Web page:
4) Retraining proper firing of the diaphragm can help to reduce urinary incontinence AND low back pain. Now, that is pretty cool, right? Excellent research by Paul Hodges and colleagues has shown altered firing patterns of the diaphragm in people with low back pain or urinary incontinence. Amazingly, when people re-established proper firing of the diaphragm leading to full excursion, both low back pain and bladder problems reduced. This is likely due to the relationship between the pelvic floor and diaphragm in controlling intra-abdominal pressure within the abdomen and the pelvis. Proper breathing helps to restore the optimal pressures needed to control movements and support the pelvic organs. This relationship is so huge that problems with breathing and incontinence are more correlated with low back pain than obesity and physical activity.
5) Slow breathing with the diaphragm can calm down the nervous system. The breath is connected to the autonomic nervous system. When a person is fearful or anxious, the sympathetic nervous system (fight or flight response) is activated, and a person will take quick shallow breaths to bring oxygen to the muscles as quickly as possible (think: being chased by a bear). The parasympathetic nervous system (rest and digest) is activated when in a more calm or relaxed state (yes, I am oversimplifying all of this). In that state, a person will take slow calm breaths (think: sipping a cup of tea after a great massage). The cool thing is that we can use our breath to help us move toward a more relaxed state. Have you noticed this at the end of yoga class, when you're doing Savasana? Slow breathing will help calm stress, anxiety and promote a person being in a more parasympathetic state. And guess what? There’s an app for that! The Breath2Relax app for iphone/android allows a person to program in his or her breath and then takes you through a guided breathing exercise.
6) Slow breathing with the diaphragm can reduce pelvic pain. As we discussed previously, the pelvic floor and diaphragm are coordinated and work together to control pressures through the pelvis. As the diaphragm is activated during inhalation, the pelvic floor relaxes to accept the contents of the abdomen/pelvis. As we exhale, the diaphragm returns to its rested position and the pelvic floor activates slightly. Long, slow breaths then encourage complete relaxation of the pelvic floor and thus can help decrease pain for people with tender pelvic floor muscles.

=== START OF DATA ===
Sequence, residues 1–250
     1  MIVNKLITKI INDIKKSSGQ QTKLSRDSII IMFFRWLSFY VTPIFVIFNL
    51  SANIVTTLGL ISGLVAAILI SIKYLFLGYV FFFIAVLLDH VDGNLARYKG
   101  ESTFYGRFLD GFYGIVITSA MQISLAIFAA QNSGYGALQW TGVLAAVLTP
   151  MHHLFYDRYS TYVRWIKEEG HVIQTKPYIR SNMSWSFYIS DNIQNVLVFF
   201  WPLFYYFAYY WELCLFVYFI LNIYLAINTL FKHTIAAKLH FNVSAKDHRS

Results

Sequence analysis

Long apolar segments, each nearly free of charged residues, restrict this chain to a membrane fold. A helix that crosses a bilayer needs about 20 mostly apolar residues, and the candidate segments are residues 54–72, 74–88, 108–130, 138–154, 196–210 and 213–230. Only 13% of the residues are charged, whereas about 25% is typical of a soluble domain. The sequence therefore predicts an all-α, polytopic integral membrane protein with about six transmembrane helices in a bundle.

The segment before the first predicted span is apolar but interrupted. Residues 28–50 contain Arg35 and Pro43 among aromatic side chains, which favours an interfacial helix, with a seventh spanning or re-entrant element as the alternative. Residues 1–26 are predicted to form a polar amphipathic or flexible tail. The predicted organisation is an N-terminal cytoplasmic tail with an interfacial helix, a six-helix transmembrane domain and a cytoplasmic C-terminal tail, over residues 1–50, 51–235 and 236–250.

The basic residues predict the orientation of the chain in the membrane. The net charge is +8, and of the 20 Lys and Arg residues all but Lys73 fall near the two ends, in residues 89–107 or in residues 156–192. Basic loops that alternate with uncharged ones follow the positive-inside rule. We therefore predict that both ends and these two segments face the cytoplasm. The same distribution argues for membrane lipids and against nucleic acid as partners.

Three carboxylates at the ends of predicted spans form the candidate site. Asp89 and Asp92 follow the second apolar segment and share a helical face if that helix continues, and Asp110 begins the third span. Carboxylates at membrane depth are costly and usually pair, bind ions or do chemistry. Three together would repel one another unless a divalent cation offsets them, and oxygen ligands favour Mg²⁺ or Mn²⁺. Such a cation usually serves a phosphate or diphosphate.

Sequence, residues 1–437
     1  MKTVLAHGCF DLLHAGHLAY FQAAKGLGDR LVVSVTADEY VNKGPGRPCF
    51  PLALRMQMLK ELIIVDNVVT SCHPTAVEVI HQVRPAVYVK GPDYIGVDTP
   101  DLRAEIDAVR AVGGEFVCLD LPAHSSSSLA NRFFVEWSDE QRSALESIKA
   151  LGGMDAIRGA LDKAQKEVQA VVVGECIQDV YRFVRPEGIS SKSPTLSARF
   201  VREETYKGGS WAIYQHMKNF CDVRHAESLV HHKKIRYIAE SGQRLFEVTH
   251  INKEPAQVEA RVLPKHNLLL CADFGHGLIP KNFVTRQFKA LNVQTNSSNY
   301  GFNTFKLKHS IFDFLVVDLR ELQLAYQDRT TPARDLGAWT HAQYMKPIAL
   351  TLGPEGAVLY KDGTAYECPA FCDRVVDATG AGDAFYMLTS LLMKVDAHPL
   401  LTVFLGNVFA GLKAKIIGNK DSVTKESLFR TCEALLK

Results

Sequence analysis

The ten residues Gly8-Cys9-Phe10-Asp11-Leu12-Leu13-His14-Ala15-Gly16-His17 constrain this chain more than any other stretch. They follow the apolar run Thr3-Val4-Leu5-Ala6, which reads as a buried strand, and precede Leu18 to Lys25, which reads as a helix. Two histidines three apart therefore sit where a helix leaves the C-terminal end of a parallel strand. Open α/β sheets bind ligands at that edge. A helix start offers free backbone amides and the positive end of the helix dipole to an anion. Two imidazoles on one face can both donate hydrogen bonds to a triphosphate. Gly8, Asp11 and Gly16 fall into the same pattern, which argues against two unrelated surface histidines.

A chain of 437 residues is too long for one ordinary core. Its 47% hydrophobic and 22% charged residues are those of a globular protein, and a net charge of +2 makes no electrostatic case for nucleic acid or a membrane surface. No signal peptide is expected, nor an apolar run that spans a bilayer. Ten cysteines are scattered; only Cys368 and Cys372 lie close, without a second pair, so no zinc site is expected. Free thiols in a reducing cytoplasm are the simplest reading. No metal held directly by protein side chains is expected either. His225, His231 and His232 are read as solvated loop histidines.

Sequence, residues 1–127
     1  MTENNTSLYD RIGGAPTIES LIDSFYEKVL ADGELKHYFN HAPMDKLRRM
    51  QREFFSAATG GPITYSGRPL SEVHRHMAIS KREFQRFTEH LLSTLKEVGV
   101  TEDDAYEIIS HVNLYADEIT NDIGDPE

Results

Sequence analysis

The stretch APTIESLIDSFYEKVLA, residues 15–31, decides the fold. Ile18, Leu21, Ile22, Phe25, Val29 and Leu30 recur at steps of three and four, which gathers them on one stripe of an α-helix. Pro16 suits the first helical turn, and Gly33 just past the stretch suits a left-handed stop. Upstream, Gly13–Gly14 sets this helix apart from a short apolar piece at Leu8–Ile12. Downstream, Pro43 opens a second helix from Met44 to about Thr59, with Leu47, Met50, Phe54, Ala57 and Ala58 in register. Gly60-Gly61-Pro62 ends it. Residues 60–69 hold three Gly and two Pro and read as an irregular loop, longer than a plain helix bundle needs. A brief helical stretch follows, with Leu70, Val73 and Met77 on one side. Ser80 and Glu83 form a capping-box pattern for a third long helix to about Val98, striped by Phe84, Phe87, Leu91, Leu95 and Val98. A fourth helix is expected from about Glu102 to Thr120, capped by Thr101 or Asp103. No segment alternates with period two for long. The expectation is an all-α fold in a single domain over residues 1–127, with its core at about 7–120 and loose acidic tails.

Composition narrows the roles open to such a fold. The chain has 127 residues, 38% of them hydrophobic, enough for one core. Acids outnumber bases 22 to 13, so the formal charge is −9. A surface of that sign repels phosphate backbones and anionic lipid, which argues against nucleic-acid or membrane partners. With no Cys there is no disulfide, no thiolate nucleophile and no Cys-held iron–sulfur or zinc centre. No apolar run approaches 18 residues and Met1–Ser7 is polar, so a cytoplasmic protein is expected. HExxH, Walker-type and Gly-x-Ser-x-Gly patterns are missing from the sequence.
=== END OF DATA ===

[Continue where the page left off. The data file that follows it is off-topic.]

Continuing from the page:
So, there you have it! I bet the diaphragm just moved up a few notches on your favorite muscles list (you know you want one!).
More Details Here: Yoga, Breath, and Health - How to Harness the Benefits of Pranayama in Your Yoga Practice
Reprinted with permission from Jessica Reale, PT
Jessica Reale, PT, DPT, WCS is a board-certified specialist in Women’s Health and treats pelvic floor disorders in men, women and children at One on One Therapy in Atlanta, GA. She received her doctorate in physical therapy (DPT) at Duke University School of Medicine and was the director of the largest pelvic floor rehabilitation program in South Carolina prior to relocating to Atlanta in 2015. Jessica is passionate about helping her patients achieve optimal health through individualized treatment plans integrating the most current research. She is actively involved in educating the community and other professionals, and has lectured at support groups, conferences and universities. Jessica writes regularly about all issues related to pelvic health at her blog, www.jessicarealept.com.